Friday, August 29, 2008

Strike Away

A selection from a letter to Robert L. Dabney by his mentor, Rev. William S. White, of Lexington, Virginia. Dabney was a young pastor and was in depression of spirits. Rev. White wrote to encourage him in the work of preaching. The letter was written on January 26, 1849:

Remember that it is ‘neither the first blow nor the last that fells the oak.’ Therefore, strike away, and the tree will fall and the forest be cleared. I know no means of building up and extending the borders of Zion but the truth studied, learned, communicated, and then followed by prayer. Preach as if your preaching was everything, and then pray as if it were nothing. If I could not rest in this view, I should despair.

The Life and Letters of Robert Lewis Dabney, by Thomas Cary Johnson, first published in 1903, reprinted by the Banner of Truth Trust, 1977, p. 111.

Thursday, August 28, 2008

We Were Sisters

From Maggie Paton, wife of missionary to the New Hebrides, John Paton, to a friend back home in Stirling, Scotland, about the reaction of women natives on the island of Fotuna, who saw white women for the first time. The letter was written on October 17, 1865:

The ladies were, in consequence, very curious to have us examined properly; and they went about it in a business-like way, as I can testify from the pokes and thumps received. They always felt themselves at the same time, to see how far we were alike! Poor things, they had yet to learn that we were sisters, resting under the same penalty and equally in need of and entitled to the same Saviour.

Letters and Sketches from the New Hebrides, by Maggie Whitecross Paton, printed by Reformation Heritage Books and Sprinkle Publications, 2003, p. 27.

Wednesday, August 27, 2008

Leave Wrangling

A selection from a letter by David Kinghorn to his son Joseph Kinghorn, pastor of St. Mary’s Baptist Church, Norwich, England. He always wrote his son with helpful spiritual advice. This letter was written on August 23, 1794.

Controversy, except on a few subjects, if pursued, cats out the vitals of religion; happy they who steadily pursue the path of duty marked out to them by Divine providence, and leave wrangling, as not worthy of their attention.

The Life and Works of Joseph Kinghorn, by Martin Hood Wilkin, reprinted by Particular Baptist Press, 1995, p. 238.

Friday, August 22, 2008

Suffering With Christ

A portion of a letter by Samuel Rutherford, to Lady Kenmure, written from Anwoth, June 26, 1630:

You cannot, you must not have a more pleasant or more easy condition here, than he had, who ‘through afflictions was made perfect’ [Heb. 2:10]. We may indeed think, Cannot God bring us to heaven with ease and prosperity? Who doubteth but he can? But his infinite wisdom thinketh and decreeth the contrary; and though we cannot see a reason for it, yet he hath a most just reason.

Letters of Samuel Rutherford: A Selection, The Banner of Truth Trust, the first edition of letters was published in 1664, this selection was published in 1973, p. 18.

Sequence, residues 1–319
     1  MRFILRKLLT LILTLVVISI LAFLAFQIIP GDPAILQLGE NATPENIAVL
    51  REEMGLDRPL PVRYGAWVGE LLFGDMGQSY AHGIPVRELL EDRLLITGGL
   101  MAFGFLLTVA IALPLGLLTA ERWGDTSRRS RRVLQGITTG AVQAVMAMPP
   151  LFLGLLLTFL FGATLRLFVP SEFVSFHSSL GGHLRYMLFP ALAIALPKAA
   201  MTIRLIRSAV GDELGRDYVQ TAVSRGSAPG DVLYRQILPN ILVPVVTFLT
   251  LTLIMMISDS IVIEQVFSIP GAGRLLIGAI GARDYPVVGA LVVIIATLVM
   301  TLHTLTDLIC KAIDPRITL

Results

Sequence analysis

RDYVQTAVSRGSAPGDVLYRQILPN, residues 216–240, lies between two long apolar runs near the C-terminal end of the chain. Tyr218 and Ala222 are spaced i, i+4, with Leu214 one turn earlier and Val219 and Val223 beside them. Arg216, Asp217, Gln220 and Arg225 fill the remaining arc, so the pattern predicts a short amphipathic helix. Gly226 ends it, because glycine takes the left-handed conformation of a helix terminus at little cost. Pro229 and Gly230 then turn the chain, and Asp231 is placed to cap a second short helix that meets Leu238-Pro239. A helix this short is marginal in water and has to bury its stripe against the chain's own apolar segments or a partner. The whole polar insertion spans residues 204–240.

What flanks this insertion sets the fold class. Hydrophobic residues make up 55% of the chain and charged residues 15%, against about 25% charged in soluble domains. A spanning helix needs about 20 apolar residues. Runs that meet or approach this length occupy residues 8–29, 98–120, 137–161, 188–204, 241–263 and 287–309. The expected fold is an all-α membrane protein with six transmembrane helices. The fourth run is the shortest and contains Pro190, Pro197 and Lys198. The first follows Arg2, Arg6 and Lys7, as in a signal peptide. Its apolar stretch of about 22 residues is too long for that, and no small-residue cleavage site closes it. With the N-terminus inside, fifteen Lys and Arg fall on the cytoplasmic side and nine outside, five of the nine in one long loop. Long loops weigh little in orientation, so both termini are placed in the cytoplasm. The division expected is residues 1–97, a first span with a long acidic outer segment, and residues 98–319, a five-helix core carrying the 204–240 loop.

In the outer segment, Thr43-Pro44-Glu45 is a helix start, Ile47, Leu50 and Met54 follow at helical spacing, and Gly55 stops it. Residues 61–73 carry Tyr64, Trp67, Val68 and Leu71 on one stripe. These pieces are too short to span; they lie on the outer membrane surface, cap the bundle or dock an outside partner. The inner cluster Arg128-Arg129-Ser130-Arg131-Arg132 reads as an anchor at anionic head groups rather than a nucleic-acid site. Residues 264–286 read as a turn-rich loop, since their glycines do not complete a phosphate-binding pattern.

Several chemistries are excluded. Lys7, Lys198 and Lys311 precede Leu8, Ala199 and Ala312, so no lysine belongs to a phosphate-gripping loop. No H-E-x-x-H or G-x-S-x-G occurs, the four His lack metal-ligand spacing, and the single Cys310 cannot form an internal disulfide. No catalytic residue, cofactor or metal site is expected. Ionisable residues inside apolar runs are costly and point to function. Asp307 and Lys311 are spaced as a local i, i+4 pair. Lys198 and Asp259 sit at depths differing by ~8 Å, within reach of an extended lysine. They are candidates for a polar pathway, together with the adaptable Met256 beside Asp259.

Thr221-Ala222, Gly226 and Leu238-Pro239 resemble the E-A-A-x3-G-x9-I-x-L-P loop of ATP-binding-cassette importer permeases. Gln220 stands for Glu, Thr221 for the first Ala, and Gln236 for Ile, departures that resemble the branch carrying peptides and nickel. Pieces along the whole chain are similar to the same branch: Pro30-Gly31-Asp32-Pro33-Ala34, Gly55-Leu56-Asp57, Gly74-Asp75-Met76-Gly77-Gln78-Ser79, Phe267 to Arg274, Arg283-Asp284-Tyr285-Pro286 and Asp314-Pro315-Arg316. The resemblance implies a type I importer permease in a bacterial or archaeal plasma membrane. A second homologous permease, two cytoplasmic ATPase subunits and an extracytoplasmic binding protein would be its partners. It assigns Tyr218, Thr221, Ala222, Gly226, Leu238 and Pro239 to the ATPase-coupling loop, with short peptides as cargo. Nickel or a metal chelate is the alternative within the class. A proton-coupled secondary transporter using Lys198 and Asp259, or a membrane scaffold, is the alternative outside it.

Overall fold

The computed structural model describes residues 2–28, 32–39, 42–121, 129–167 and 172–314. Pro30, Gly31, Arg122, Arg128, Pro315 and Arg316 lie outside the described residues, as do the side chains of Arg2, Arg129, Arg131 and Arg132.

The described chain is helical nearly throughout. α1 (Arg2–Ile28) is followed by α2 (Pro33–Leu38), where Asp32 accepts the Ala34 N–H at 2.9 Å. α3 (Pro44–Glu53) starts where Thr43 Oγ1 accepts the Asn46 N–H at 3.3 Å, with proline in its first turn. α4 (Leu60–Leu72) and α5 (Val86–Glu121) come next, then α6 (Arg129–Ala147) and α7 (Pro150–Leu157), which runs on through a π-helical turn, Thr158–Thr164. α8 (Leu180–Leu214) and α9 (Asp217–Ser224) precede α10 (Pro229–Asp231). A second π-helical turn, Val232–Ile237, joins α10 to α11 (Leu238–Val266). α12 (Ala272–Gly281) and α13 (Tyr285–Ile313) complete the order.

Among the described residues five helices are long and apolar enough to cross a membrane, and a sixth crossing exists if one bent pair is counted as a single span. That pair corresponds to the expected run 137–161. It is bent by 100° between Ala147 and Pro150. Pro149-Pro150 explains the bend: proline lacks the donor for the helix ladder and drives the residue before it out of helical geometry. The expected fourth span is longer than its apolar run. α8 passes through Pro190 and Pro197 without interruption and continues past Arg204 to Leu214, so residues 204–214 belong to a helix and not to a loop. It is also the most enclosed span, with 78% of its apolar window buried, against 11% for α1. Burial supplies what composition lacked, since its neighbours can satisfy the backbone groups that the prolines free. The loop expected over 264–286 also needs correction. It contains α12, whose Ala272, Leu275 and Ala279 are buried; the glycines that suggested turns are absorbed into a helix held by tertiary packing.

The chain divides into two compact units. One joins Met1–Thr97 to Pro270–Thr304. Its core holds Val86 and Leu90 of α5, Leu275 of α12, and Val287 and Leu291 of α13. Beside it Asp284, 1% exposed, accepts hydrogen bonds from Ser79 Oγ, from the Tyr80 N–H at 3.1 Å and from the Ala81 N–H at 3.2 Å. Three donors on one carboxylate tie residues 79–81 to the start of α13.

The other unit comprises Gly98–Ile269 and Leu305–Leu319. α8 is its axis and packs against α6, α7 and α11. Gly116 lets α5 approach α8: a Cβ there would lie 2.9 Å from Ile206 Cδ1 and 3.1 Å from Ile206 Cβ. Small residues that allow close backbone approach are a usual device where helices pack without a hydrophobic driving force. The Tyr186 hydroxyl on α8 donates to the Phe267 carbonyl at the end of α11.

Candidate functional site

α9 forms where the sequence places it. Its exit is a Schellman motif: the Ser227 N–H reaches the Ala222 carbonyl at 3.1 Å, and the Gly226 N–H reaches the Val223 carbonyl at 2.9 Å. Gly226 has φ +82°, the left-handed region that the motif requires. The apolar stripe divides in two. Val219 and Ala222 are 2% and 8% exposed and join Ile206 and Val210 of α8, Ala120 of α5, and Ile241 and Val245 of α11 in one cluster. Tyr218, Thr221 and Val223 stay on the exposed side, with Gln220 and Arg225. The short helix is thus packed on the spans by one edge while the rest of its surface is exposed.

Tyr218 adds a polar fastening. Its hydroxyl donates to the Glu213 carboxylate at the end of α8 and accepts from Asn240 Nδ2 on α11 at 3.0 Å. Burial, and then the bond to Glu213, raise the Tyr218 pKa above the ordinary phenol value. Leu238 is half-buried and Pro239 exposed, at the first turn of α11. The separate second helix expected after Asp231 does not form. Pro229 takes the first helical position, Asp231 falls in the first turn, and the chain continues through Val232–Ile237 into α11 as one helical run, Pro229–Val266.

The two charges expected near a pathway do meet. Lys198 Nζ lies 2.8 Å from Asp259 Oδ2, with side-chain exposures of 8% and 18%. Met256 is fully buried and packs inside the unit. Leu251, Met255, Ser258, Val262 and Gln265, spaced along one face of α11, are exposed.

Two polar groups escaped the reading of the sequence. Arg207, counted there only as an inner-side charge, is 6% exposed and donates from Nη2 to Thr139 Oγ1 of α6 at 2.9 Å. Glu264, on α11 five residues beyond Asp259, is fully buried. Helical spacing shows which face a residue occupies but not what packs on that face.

Thursday, August 21, 2008

A Little But Great Incident

A portion of a letter written to John A. Broadus from T. M. Matthews of Edom, Texas, expressing his appreciation for something he wrote in an “autograph book.” What Broadus wrote was instrumental in Matthew’s salvation. The letter was written May 22, 1883.

I’ve never seen you since 1853 in the pulpit of the church in Charlottesville [VA] when I heard you preach. But, John, you have been preaching to me through all these years. I’ll tell you how. You remember our “autograph books?” Well, of all the students I took mine to you first, that you might write in it the first. Do you remember? I reckon not, however, you wrote: en se hustereo [one thing you lack] (Mark 10:21), John Albert Broadus, University of Virginia.

That rang in my ears till I found “the pearl of great price,” the thing you knew I lacked. I’ve often thought of you since and never without recalling this little, but to me great, incident.

Life and Letters of John Albert Broadus, by Archibald Thomas Robertson, 1901, reprint by Gano Books, pp. 339-40.

Monday, August 18, 2008

Speaking About Religion or Possessing Religion?

A selection from a letter by Thomas Chalmers to is friend, William Wilberforce, member of the English Parliament. The letter was written June 25, 1822:

We had a visit from Mr. Gray of Sunderland lately, one of the good men of the Church of England. It is truly refreshing to have a visit from such; it always puts me in mind of a saying of Brainerd’s, that he has heard hundreds speak about religion, but not above one or two speak religion. We Scotch speak about it—look at the matter intellectually—come forth with our didactic and metaphysical speculations about the thing; but the evangelical English, as far as I can observe, possess the thing; and possessing it, they have by far the most effective ingredient of good preaching, which is the personal piety of the preacher himself.

Letters of Thomas Chalmers, edited by William Hanna, first published 1853, reprinted by The Banner of Truth, 2007, pp 98-99.

Friday, August 15, 2008

Dark Clouds and Sunshine

A selection from a letter by Thomas Charles to a pastor and his family who had experienced a sore trial. The letter was written February 26, 1784.